gzip has been around for quite some time,
brotli is a relatively new compression algorithm built by Google that best serves text compression.
brotli also has an advantage over
gzip since it uses a dictionary of common keywords on both the client and server-side, which gives a better compression ratio.
These compression methods are widely used to increase the performance of web apps. A study by Google reveals:
- 40% of people leave a website that loads in more than 3 seconds.
- 1-second time delay in page response reduces conversions by 7%.
That's why using these compression methods will result in the best performance and least maintenance.
It's recommended to leverage the Vercel Edge Network compression over a self-hosted solution. This is done by sending
br along with
gzip in the
Accept-Encoding request header.
Any client that sends a request to your deployment needs to define the Accept-Encoding header to opt into compression. Many clients (e.g., browsers like Chrome, Firefox, and Safari) already do this out of the box. If you're requesting another type of client, make sure you use the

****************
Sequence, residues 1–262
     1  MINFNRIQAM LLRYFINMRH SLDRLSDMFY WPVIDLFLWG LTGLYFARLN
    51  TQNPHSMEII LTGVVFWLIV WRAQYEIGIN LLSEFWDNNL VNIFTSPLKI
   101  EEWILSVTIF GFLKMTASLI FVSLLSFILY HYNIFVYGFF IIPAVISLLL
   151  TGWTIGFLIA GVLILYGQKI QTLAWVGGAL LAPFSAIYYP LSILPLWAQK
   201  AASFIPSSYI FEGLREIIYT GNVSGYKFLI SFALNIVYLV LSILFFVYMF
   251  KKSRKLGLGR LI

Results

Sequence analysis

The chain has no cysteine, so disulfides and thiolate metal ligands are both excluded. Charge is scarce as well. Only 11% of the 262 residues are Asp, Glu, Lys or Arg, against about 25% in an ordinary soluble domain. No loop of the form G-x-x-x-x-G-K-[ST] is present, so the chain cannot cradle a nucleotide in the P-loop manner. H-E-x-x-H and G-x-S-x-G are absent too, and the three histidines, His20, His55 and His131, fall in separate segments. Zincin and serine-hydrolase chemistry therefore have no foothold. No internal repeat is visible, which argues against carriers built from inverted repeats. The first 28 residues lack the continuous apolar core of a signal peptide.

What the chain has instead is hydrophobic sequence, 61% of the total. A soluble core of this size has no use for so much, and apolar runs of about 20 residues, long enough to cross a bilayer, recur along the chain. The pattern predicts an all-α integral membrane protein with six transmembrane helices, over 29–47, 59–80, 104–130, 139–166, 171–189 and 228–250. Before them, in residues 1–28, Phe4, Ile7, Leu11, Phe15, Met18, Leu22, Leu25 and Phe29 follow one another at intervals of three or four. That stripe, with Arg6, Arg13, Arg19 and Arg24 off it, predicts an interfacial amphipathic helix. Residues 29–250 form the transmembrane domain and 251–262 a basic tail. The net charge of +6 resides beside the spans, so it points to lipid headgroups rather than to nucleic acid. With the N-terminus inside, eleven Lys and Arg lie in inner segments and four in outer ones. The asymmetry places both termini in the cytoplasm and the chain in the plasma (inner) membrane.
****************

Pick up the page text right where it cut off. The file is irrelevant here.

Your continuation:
Accept-Encoding header to take advantage of compression.
This is how you ask the Vercel Edge Network to compress using brotli:
Nevertheless, some clients might not support it, so to use gzip:
- HTML files are 21% smaller than
- CSS files are 17% smaller than
Assuming that the program requests deployment resources with the appropriate
Accept-Encoding header, the response will be compressed automatically.
The Vercel Edge Network regularly maintains a configuration file for the MIME types that will be compressed for both